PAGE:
Papi’s career has had two peaks of sorts – his prime from 2003 to 2007, during which Ortiz hit 208 home runs in five years, and his latter-day renaissance, lasting from about 2011 to the present day. There was a slow period in 2008 and 2009 where Papi’s bat lagged and his core stats dropped, which can probably be chalked up to aging and his initially slowing bat. To my mind, the fact that Ortiz made adjustments makes him all the greater of a player – he demonstrated an unteachable ability to adopt, adapt, and improve on what he was doing.
That ability to adjust on the fly demonstrated itself this year, as Ortiz batted .231/.326/.435 with 15 home runs over the first half of the season (80 games) before rebounding to hit .346/.416/.754 with 19 home runs in the 50 games of the season’s second half. Ortiz getting hot after the early season doldrums can probably be attributed to an older player taking a little bit longer to get warmed up, but mechanical adjustments in his swing can also help explain for the difference. Good hitters adjust to what they’re being given, and Ortiz is one of the best hitters in the game.
And that’s not even taking into account his lifetime .295/.409/.553 batting line in postseason play, including a World Series slash line of .455/.576/.795 in three World Series. Many players claim to try to raise their level of play in October. Big Papi actually does it, and has authored several indelible moments through his career with the Red Sox. The 2004 ALCS comeback against the Yankees doesn’t happen without Big Papi. And let’s not forget his planet-eating appearance in the 2013 World Series.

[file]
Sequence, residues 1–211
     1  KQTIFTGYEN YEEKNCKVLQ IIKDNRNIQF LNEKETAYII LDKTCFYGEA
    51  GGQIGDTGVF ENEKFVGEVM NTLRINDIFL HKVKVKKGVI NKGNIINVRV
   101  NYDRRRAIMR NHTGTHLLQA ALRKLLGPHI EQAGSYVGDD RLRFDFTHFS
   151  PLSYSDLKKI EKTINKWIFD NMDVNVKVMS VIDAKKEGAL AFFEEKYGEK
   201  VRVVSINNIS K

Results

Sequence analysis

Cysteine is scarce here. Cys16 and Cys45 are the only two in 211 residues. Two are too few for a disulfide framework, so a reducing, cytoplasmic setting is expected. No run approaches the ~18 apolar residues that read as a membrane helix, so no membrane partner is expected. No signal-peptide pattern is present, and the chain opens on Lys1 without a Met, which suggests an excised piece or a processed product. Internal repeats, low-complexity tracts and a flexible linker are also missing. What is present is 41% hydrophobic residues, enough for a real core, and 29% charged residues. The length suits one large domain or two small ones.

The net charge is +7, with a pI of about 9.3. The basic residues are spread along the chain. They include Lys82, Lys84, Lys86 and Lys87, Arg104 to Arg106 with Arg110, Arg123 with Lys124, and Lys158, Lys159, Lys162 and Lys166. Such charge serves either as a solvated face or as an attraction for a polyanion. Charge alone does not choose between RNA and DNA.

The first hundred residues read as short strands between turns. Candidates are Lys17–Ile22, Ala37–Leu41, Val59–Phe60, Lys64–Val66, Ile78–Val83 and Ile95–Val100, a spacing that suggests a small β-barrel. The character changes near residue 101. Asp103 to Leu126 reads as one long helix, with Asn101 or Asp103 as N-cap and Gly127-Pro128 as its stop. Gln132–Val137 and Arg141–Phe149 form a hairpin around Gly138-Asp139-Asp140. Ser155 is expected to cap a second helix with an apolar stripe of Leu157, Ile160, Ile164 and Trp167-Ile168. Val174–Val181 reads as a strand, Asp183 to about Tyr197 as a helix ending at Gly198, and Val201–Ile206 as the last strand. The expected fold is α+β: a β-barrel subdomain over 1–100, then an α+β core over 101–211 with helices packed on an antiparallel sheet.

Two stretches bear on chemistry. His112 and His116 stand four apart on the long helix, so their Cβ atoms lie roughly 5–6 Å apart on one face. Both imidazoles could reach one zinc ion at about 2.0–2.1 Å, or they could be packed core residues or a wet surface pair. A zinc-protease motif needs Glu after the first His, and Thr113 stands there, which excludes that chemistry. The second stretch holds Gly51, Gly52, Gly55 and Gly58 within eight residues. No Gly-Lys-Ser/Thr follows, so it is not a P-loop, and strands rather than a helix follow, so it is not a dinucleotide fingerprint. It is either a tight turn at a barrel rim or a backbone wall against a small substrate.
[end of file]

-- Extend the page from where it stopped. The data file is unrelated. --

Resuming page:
Beyond the diamond, Big Papi has become one of the signature faces of the game. Who can forget his memorable appearance after the Boston Marathon bombing? “This is our fucking city” etched him permanently in the roster of Boston sporting heroes, alongside Bobby Orr, Larry Bird, and Tom Brady. Getting back to the PED issue – unlike other leading figures in the game, Ortiz has never tested positive for steroid use. He’s more likely to appear in Sportscenter commercials than he is to appear on a PED release. He’s a hugely recognizable face in a game that is constantly seeking its next face of the game, and he is beloved by the entire region of New England.
Is he a Hall of Famer? (Yes.) That debate won’t be settled for many more years – there’s arguments that as a DH, Ortiz hasn’t been as valuable as he may have seemed. Voters may find the PED issue to be too much to overcome. 500 home runs aren’t as sexy as they used to be. Never mind that he’s one of the greatest postseason hitters of all time. Never mind that he’s won three World Series for the Red Sox. Never mind that he’s been a consistently dangerous hitter for fifteen years. Never mind that – you know what? Never mind.
Big Papi will probably hit several more home runs over the rest of this year, and the next, and however long he intends to keep playing. For now, let’s take a minute and soak in the achievement that is David Ortiz. He makes the game better and more fun to watch – and that is certainly worth celebrating.